- More 18-year olds are achieving NCEA Level 2.
- More young people are achieving higher qualifications.
- And the number of children who experienced substantiated physical abuse has decreased by almost 200, or 5.6 per cent, over the past year.
There’s still a lot of work to do and we will continue to focus on making strides on the things that matter to New Zealanders and their families.
These matter everywhere in New Zealand, including the provinces.
But there is no doubt Northland had an itch to which Winston Peters applied his usual prescription of charm without substance.
It is possible that no matter how good a campaign National ran it wouldn’t have been able to counter Peters’ persuasion.
But there would have been a better chance of success had it stuck to its message and it must get back on to it.
It has the right prescription and it must keep applying it everywhere including those parts of the country which, fairly or not, feel it isn’t yet addressing their ills.
The greatest legacy one can pass on to one’s children and grandchildren is not money or other material things accumulated in one’s life, but rather a legacy of character and faith. – Billy Graham
This choice was inspired by:
Brendan Malone’s Son, your character is more important than legal action:
. . . I love my son more than life itself, but, if years from now, when he is in high school, he should ring me one day and tell me that he is being sent home from a very important school sports trip because he has made a bad decision and broken the law, I will not take legal action to help him avoid the consequences of what he has done.
I will undoubtedly feel greatly disappointed for him, and probably very angry about any personal time or financial investment that is about to be lost by my wife and I as a result of him being sent home from the competition.
But I would also be keenly aware that there is something far more important than just money, time or sporting accolades at stake here, and that I, as his father, need to help him to understand that honour matters, and that sacrificing your integrity to compete in a sporting competition (even if you win) does not make you a winner – it makes you a man without character. . .
. . The simple reality is that fame is a cheating lover. Give it a generation or two and very few people will recall your names or your achievements.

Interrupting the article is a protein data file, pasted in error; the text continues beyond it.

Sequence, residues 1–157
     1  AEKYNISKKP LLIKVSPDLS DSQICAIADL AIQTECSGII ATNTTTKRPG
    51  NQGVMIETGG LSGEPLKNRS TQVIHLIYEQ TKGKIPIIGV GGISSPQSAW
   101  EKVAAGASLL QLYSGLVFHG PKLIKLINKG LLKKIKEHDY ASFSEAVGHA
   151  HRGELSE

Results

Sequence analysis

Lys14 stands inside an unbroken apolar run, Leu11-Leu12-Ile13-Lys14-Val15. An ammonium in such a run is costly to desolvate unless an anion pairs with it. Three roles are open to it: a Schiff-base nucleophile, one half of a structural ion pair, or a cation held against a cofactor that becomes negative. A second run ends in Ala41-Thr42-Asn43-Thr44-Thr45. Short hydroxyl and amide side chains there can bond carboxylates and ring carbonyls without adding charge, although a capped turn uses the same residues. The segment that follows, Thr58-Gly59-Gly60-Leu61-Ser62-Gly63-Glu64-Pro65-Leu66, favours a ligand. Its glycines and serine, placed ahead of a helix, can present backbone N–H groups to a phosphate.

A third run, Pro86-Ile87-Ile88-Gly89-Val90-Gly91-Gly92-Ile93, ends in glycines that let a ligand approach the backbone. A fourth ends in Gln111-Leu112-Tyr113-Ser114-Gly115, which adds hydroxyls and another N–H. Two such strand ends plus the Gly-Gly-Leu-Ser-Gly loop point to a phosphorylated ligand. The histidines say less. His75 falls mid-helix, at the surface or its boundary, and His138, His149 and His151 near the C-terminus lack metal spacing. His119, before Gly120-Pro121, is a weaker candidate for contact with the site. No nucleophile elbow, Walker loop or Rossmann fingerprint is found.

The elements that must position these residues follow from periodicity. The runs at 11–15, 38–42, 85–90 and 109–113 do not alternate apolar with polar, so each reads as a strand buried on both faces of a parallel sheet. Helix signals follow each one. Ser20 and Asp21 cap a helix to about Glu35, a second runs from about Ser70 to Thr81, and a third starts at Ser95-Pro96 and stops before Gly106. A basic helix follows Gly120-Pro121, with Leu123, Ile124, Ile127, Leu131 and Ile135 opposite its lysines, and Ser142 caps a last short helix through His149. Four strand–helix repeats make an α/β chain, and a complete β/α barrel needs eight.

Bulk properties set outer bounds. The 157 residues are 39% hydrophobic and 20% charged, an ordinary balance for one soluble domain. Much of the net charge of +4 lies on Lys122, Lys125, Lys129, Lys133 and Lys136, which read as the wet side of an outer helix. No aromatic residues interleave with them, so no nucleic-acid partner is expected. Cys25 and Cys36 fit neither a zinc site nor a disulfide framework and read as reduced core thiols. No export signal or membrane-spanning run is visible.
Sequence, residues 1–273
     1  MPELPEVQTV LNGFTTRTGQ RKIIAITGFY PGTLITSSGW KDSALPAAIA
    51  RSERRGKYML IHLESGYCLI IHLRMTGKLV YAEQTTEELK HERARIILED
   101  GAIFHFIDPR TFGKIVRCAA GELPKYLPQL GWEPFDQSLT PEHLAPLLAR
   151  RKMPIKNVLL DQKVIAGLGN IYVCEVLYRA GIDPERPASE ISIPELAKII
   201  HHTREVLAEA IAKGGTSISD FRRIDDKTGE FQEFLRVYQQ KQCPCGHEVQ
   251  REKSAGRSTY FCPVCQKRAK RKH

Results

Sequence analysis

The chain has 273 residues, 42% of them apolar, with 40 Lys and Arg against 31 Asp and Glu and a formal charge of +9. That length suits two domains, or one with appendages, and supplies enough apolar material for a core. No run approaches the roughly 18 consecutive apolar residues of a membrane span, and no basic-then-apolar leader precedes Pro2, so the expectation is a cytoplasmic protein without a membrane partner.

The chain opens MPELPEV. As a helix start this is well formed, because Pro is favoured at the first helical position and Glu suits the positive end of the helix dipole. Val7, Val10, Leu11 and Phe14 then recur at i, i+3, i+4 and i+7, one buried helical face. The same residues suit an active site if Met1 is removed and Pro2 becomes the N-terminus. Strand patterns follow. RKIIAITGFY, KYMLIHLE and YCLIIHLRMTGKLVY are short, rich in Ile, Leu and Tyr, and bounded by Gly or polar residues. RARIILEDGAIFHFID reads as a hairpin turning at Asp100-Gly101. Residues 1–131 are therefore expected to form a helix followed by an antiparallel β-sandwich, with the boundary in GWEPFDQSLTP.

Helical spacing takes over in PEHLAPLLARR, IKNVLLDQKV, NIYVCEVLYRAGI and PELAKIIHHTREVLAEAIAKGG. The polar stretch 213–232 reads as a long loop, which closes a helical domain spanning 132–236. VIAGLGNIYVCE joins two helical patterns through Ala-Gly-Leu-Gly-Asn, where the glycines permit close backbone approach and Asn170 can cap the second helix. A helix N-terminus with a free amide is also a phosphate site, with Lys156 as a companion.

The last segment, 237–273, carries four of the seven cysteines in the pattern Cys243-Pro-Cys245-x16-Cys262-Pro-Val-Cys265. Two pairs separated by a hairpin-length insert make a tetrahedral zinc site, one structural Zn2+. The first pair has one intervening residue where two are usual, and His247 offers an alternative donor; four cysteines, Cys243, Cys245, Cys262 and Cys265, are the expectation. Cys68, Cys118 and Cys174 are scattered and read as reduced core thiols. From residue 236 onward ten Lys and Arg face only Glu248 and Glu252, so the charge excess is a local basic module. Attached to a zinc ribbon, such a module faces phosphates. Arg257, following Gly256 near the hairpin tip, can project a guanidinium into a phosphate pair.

Perhaps the cricket die-hards will, there will no doubt be a plaque or two somewhere acknowledging what you have achieved. But the world is too small a place to remember the sporting deeds of many and each generation moves on to its own heroes.
What will live on is character passed from parent to child, honour imparted and stewarded into maturity by a community to a young one. What will live on are the qualities that can exist in a human heart that steward the very life of humanity.
And so I say thank you.
Thank you for taking your global stage and as a unified team, displaying something more valuable than holding aloft a trophy.
To New Zealand cricket, keep walking the path that you have started on. While you did not win the game, where honour and integrity are evident, you can never fail. I believe if you continue on in this manner, the trophies will come.
I know that given the hopes you had as a team, a letter from an unknown nobody will probably mean very little right now. However, life has a funny way of taking what we once thought was an incredible achievement, and with expanded and matured sight, life proves what we thought to be incredible is actually fairly insignificant.
It is for that reason that I hope each of you go forward to live the kind of lives where one day, perhaps months, years or decades from now, you read this letter again and recognise how invaluable it is to display honour, humility, character and compassion for the world to see.
As a father seeking to reveal to them the beauty of his sons, thank you.